When the Murrells Inlet watershed management plan is completed later this year, Sue Sledz, executive director of Murrells Inlet 2020, will be near retirement and the organization will need to do some soul-searching.
“The board needs to be considering what the future holds,” said former Georgetown County Councilman Tom Swatzel, who was instrumental in putting it together in the first place.
As the plan will be the last of the major goals set for Murrells Inlet 2007, the group’s original name when it was established in 1997, Swatzel said it will be legitimate to ask if it needs to continue at all. It was organized to improve infrastructure and beautification, provide environmental education and preserve the creek and the traditions surrounding it.
That tradition includes being a safe anchorage for the likes of Blackbeard, participating in the Waccamaw Neck’s lucrative rice trade and birthing hush puppies.
Sledz was captivated by Murrells Inlet when she first visited the area from Cleveland, Ohio, where she was an IT manager.
“I came to visit, I fell in love,” she said. “Next thing I knew, I left that weekend with a house.”
She became a full-time resident in 1999, began volunteering for the organization in 2002 and became its third executive director in 2004. She left to retire the first time in 2008, but went to another job inland, returning to the coast and Murrells Inlet 2020 in 2011. This year, she said, she’ll retire for good.
Three years before Sledz bought her home, Swatzel organized a town conversation with the S.C. Downtown Development Association. Murrells Inlet had become worn at the elbows and businesses and other groups wanted to reinvigorate the community. A lot of groups were working on improvement projects independently, Swatzel said, but it wasn’t until Murrells Inlet 2007 became the area’s umbrella association that the work could be coordinated and focused.
Since then, the group has spearheaded the development of the popular Marshwalk as well as a Jetty View Walk, Veterans Pier and the construction of a bicycle bridge to connect the community with Huntington Beach State Park, among other things.
Swatzel noted that Sledz has been the longest-serving of Murrells Inlet 2020’s four executive directors. She’s very professional, he said, and gives the organization the credibility it needs to lobby with county and state lawmakers and to apply for grant money to carry out various projects.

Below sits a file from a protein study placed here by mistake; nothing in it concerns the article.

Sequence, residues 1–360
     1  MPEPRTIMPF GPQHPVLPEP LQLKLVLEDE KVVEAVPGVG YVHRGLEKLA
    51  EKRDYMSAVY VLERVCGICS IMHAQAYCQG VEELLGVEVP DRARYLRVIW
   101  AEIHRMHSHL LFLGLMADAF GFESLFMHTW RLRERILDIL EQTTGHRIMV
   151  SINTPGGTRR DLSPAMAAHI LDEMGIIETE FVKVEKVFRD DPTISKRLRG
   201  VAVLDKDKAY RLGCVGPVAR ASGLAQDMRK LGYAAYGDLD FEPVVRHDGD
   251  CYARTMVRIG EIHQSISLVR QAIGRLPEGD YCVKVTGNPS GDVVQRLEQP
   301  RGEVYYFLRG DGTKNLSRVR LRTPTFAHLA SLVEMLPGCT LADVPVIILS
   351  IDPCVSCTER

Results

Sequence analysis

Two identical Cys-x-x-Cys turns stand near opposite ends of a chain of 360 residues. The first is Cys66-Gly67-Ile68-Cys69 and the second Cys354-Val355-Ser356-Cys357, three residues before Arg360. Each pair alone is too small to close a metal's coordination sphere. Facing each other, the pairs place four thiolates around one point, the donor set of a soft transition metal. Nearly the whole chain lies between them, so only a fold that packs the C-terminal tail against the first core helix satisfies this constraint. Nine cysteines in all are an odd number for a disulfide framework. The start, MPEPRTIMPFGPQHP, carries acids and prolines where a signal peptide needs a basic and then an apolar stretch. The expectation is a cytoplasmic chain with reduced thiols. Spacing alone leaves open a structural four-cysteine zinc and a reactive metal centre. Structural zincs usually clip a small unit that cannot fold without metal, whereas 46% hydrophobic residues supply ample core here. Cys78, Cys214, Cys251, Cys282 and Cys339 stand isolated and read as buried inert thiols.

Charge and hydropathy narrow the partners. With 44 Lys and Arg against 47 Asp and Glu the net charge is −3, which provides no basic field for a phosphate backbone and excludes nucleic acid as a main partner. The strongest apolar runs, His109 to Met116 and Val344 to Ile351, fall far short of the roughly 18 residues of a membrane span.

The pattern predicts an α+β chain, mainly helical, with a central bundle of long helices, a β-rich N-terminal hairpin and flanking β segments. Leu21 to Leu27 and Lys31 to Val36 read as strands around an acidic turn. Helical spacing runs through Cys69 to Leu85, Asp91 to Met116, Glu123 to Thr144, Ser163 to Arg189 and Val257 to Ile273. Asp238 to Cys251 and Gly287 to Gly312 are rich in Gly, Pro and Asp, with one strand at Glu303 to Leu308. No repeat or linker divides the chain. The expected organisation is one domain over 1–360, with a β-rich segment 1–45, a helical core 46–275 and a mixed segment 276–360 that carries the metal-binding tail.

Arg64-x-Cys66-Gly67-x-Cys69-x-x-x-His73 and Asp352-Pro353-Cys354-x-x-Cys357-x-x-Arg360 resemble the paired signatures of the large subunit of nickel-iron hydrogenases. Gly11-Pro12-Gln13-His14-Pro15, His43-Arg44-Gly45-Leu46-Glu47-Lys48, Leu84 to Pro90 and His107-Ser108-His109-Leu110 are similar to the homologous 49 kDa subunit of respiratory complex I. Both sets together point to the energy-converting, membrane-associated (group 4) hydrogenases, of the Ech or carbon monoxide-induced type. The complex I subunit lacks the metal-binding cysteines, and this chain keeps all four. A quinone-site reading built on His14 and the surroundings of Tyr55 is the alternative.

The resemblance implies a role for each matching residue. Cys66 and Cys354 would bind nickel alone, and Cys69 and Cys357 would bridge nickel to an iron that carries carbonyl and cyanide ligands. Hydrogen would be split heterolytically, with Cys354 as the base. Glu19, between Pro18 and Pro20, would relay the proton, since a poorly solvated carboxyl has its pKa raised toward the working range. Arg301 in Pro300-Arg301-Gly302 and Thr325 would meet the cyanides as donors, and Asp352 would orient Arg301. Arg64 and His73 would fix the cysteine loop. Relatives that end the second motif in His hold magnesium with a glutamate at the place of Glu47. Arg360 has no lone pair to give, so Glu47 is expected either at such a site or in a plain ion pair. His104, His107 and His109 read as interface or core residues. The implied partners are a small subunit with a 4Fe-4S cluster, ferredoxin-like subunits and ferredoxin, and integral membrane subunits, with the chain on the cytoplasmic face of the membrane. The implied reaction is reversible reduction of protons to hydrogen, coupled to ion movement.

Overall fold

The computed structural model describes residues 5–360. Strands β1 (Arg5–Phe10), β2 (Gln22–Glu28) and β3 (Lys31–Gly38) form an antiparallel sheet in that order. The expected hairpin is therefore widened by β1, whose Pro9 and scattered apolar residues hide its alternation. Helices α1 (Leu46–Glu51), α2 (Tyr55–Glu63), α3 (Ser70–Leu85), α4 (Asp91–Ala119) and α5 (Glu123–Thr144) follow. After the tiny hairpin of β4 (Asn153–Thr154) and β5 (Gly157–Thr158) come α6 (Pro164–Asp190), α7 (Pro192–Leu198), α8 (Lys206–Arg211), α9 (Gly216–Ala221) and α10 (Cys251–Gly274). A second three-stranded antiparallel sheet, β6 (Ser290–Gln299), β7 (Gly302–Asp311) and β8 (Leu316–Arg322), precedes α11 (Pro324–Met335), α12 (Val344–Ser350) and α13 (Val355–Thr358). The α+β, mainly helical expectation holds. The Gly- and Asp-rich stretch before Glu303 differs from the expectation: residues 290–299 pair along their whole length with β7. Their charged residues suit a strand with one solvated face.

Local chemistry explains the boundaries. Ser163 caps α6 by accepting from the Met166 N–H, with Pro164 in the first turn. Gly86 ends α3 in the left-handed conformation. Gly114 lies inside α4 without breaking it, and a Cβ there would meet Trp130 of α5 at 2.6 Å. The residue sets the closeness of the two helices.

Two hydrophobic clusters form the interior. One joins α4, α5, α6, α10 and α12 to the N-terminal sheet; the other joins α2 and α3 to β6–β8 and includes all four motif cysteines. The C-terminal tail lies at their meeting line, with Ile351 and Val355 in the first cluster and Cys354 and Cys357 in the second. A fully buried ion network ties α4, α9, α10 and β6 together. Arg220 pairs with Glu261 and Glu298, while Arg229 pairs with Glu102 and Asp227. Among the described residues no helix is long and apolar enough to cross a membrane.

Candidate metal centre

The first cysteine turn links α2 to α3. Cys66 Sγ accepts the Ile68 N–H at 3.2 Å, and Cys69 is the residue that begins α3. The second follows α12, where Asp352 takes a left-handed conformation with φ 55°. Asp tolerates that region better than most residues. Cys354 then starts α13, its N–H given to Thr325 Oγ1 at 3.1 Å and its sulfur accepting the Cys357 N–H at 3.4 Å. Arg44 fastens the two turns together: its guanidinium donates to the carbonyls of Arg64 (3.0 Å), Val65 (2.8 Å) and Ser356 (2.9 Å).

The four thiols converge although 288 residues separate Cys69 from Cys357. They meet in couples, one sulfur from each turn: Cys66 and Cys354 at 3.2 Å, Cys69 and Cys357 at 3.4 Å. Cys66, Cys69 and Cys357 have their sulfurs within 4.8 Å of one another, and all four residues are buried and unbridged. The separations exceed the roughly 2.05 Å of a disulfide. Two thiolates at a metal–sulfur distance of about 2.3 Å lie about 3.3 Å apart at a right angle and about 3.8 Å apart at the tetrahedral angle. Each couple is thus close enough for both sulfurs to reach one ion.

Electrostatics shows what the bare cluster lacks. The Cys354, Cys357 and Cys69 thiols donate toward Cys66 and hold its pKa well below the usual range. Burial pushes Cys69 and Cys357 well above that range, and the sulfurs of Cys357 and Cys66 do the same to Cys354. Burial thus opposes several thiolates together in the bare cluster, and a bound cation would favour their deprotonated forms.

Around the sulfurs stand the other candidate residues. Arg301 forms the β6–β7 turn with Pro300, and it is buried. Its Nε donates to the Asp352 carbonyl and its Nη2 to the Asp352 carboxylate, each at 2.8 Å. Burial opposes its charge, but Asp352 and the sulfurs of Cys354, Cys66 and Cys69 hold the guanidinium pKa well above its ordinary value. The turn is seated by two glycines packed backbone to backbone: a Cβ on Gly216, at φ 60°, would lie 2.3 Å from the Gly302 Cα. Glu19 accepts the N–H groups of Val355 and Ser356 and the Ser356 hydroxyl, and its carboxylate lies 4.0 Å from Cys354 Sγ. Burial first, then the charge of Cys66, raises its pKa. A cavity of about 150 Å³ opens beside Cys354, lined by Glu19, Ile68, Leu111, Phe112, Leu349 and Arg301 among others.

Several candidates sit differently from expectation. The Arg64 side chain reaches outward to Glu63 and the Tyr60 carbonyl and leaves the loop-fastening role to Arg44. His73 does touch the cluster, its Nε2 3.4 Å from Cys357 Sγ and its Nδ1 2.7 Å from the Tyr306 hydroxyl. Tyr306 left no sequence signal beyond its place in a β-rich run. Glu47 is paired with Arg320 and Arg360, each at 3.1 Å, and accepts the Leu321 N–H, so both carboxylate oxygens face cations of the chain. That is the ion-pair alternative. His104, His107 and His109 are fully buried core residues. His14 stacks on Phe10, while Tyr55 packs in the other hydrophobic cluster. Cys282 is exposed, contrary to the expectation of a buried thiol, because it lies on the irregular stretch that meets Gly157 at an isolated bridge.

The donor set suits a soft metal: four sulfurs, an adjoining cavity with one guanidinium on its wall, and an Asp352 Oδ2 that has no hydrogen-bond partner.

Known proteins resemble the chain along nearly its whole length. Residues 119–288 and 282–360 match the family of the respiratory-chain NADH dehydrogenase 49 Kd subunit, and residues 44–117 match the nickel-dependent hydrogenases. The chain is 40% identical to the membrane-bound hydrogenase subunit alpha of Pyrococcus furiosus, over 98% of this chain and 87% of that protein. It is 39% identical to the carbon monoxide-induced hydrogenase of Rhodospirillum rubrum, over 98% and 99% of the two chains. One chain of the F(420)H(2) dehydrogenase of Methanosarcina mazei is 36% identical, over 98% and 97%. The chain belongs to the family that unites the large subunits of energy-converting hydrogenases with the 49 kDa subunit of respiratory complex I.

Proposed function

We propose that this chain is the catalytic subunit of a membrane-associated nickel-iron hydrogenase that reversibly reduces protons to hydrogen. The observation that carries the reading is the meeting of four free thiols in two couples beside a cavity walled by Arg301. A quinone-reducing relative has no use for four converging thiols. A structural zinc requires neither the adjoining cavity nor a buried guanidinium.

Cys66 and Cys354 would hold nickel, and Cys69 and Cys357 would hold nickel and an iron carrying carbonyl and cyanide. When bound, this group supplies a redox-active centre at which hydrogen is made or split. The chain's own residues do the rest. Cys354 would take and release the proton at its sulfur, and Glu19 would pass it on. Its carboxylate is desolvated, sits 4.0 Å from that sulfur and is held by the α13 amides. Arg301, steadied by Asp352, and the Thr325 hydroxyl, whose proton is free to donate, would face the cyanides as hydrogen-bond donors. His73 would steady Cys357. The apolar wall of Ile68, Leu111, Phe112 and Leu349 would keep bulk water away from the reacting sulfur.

Sledz said the watershed management plan should give Murrells Inlet the information it needs to improve and protect the marshland that’s key to the community as well as a roadmap to reestablishing harvestable oyster beds in the inlet.
“The creek is what drives our economy,” she said.
Swatzel said once the plan is finalized, Murrells Inlet 2020 will need to have a reason to raise money “other than to keep the organization open.”
If it finds that reason, though, he said it is vital that it have an executive director to keep its new goals on track.
Sledz said the biggest challenge in her job is to communicate effectively with office holders at all levels. How else, she asked, will they know what they can do to help Murrells Inlet?
“Those kind of conversations need to be frequent,” she said.
The best part of the job has been the personal relationships she developed through the organization and how much the community supports it.
“The love is out there,” she said.
She’s looking forward to gardening in her yard and sleeping in a bit after she retires this time. She’s pretty sure that volunteering will be part of her new life.
As will Murrells Inlet.
She said that it has kept the same friendly, small-town feeling that drew her to impulsively buy her home on her first visit 16 years ago.
It’s still a community without curbs and gutters, with boats in yards and three seafood markets that are open year-round.
“What’s not to love?” she asked.